BioE PhD Proposal- Jihoon Lee

Event Details
  • Date/Time:
    • Friday September 30, 2022
      2:00 pm - 4:00 pm
  • Location: EBB 3029
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Summaries

Summary Sentence: "Human airway organoids with reversed biopolarity for high-throughput anti-SARS-CoV-2 Compound Screening "

Full Summary: BioE PhD Proposal-  "Human airway organoids with reversed biopolarity for high-throughput anti-SARS-CoV-2 Compound Screening " -Jihoon Lee

Advisor: 

Shuichi Takayama, Ph.D.

Wallace H. Coulter Department of Biomedical Engineering, Georgia Institute of Technology and Emory School of Medicine

 

  

Committee Members:  

  

Stanislav Emelianov, Ph.D.

School of Electrical and Computer Engineering, Georgia Institute of Technology

 

M. G. Finn, Ph.D.

School of Chemistry and Biochemistry, Georgia Institute of Technology

 

Eric Sorscher, M.D.

Department of Pediatrics, Emory School of Medicine

 

Jason Spence, Ph.D.

Department of Cell and Developmental Biology, University of Michigan Medical School

 

Krishnendu Roy, Ph.D.

Wallace H. Coulter Department of Biomedical Engineering, Georgia Institute of Technology and Emory School of Medicine

 

 

Human airway organoids with reversed biopolarity for high-throughput anti-SARS-CoV-2 Compound Screening 

 

The novel severe acute respiratory syndrome coronavirus 2 (SARS-CoV-2), the causative agent of the coronavirus disease 2019 (COVID-19), has resulted in 6.5 million deaths worldwide since its emergence (as of 09/16/2022). Although slowed down in its pace thanks to the scientific advances achieved over the past two years, the virus remains a considerable threat. In a pressing demand for a rapid and efficient research tool for the ongoing pandemic, organoids have provided timely and powerful in vitro models to study viral tropism, host immune response, drug screening, and vaccine development. However, despite the immense number of research outputs, there have been varying and inconsistent results on host responses and pharmacodynamics, even within the same type of organoids. The observed variability may be attributed to challenging apical access in the conventional organoids, wherein the apical surface is sequestered away (“apical-in”) from the surrounding environment. Therefore, apical access is highly implicated, as it is the apical surface where the host-virus interactions predominantly occur. Our lab has recently demonstrated a high-throughput culture method of reproducible and uniform geometrically-inverted mammary epithelial organoids, in which the apical surface is stably oriented toward the organoid exterior (apical-out). The goal of the proposal is to adapt this method to human primary airway cells and utilise the resulting apical-out organoids as a high-throughput anti-SARS-CoV-2 compound screening platform. In Aim I, we will establish and optimise a culture of human bronchial epithelial organoids with reversed biopolarity (hBORBs). In Aim II, we will test and validate hBORBs as a high-throughput anti-SARS-CoV-2 compound screening platform. In Aim III, we will adapt the developed protocol to generate human nasal epithelial organoids with reversed biopolarity (hNORBs) derived from freshly isolated nasal epithelial cells.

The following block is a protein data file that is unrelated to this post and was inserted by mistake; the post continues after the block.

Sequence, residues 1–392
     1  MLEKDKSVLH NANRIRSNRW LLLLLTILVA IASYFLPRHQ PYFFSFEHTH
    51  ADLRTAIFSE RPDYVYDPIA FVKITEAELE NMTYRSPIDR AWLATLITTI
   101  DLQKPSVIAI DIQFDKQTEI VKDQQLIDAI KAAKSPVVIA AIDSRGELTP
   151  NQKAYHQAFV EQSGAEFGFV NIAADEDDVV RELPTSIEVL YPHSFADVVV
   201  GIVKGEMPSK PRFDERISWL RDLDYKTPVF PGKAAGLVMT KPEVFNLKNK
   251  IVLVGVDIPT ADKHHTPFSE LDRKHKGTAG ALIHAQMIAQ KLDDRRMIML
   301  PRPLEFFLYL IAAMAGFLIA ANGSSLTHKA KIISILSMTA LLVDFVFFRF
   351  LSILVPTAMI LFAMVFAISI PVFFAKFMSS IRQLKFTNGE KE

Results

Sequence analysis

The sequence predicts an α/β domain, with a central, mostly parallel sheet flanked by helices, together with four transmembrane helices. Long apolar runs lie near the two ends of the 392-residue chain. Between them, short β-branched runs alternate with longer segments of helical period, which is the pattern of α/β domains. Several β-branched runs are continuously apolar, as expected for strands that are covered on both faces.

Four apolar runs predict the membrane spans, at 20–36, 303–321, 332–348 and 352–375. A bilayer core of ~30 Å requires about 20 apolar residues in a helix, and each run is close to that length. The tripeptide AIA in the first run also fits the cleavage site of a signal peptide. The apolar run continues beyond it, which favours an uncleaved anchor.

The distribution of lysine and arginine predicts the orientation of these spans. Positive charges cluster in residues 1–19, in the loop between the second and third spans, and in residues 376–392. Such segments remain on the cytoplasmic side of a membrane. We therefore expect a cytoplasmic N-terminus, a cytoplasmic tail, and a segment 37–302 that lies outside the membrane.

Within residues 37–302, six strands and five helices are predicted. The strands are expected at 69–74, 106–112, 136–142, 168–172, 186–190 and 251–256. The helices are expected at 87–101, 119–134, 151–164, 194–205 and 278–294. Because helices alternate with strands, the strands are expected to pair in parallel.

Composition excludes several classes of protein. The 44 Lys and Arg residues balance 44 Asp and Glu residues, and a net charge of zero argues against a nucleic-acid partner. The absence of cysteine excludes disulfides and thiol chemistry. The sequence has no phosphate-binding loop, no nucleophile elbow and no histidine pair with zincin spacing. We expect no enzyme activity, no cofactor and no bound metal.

Additional Information

In Campus Calendar
No
Groups

Bioengineering Graduate Program

Invited Audience
Faculty/Staff, Public, Undergraduate students
Categories
Career/Professional development
Keywords
go-BioE
Status
  • Created By: Laura Paige
  • Workflow Status: Published
  • Created On: Sep 20, 2022 - 8:50am
  • Last Updated: Sep 20, 2022 - 8:50am